Why say no? Reasons given by young people for not using drugs

J Fountain*, H Bartlett, P Griffiths, M Gossop, A Boys, J Strang

*Corresponding author for this work

Research output: Contribution to journalArticlepeer-review

22 Citations (Scopus)


A combination of qualitative and quantitative methods has been employed in this study in order to assess the impact of a variety of factors on young people's drug-using behaviour. The focus is on the responses to an enquiry with respondents who had never used heroin, methadone, other opiates, cocaine powder, crack cocaine, benzodiazepines, amphetamines, ecstasy, LSD, cannabis, and solvents who were asked for their reasons for this non-use. The data were also analysed to ascertain whether reasons for non-use varied according to age, what respondents thought the effects of the drugs they had never used would be, and how likely they thought it was that they would use them in the year following the interview. No single reason was given by the majority of respondents for the non-use of drugs, but the motive most frequently reported - particularly by older respondents - was a lack of interest in the effects. Younger respondents' reasons for non-use were, overall, related to a fear of drugs and their effects. Most non-users of each substance were convinced they would continue to abstain, even though they perceived the effects of some drugs (particularly ecstasy) to be pleasurable.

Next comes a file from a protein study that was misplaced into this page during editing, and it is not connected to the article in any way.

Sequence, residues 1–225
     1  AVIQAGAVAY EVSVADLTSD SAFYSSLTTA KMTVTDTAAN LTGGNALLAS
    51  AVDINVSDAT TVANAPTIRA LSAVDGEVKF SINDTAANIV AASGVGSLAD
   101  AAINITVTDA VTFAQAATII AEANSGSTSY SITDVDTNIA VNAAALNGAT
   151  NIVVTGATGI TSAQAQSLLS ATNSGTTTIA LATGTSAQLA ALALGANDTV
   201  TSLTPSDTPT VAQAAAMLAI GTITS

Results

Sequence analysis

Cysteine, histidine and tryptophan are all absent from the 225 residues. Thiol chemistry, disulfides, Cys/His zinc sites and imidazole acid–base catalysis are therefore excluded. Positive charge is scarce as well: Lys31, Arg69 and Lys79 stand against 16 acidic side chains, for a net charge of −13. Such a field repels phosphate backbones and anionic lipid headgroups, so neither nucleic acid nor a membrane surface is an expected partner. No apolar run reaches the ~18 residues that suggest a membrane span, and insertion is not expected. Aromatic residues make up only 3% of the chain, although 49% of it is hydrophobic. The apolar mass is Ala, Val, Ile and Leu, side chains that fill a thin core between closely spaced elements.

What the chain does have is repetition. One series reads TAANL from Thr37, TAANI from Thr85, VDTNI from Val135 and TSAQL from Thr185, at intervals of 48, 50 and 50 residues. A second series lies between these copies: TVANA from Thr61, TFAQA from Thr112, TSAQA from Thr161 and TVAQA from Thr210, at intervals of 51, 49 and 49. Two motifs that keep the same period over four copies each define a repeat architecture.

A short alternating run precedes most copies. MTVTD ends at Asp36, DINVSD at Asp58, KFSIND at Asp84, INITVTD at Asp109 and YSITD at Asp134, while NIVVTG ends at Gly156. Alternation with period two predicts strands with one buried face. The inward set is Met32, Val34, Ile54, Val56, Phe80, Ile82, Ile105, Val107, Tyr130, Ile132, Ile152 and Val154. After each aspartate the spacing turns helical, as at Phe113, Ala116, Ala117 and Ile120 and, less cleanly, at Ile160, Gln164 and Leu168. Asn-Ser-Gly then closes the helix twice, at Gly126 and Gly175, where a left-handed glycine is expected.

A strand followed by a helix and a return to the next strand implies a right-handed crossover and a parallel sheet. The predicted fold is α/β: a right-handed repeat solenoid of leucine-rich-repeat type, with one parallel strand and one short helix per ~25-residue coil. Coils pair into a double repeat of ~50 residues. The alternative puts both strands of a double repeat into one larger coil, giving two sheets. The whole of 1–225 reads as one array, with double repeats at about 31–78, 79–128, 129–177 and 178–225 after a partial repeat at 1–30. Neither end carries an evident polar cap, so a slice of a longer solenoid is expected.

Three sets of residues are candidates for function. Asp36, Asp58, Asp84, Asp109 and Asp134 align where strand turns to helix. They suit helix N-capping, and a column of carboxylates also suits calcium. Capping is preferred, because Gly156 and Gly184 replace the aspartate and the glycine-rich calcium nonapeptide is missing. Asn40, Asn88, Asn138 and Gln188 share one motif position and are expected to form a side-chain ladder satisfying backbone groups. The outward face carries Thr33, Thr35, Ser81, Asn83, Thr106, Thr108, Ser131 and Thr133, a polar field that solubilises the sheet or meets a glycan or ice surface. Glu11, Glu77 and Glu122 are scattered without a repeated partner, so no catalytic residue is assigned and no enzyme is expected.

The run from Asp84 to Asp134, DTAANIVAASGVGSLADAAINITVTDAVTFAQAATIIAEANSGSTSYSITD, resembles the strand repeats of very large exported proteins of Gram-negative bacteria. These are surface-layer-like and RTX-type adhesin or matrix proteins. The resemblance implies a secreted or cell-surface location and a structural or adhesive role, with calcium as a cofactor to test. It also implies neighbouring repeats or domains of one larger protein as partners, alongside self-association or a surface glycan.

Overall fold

Original languageEnglish
Pages (from-to)339-353
Number of pages15
Issue number4
Publication statusPublished - 1999


  • young people
  • non-use
  • combination methodology


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